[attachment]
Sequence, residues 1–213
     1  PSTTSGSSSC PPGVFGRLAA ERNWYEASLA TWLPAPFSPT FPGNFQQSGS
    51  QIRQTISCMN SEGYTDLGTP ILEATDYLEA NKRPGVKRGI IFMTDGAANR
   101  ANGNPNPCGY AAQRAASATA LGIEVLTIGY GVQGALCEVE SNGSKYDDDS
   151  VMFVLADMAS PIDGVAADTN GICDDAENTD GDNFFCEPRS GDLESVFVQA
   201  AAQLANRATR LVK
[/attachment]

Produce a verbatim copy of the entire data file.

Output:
Sequence, residues 1–213
     1  PSTTSGSSSC PPGVFGRLAA ERNWYEASLA TWLPAPFSPT FPGNFQQSGS
    51  QIRQTISCMN SEGYTDLGTP ILEATDYLEA NKRPGVKRGI IFMTDGAANR
   101  ANGNPNPCGY AAQRAASATA LGIEVLTIGY GVQGALCEVE SNGSKYDDDS
   151  VMFVLADMAS PIDGVAADTN GICDDAENTD GDNFFCEPRS GDLESVFVQA
   201  AAQLANRATR LVK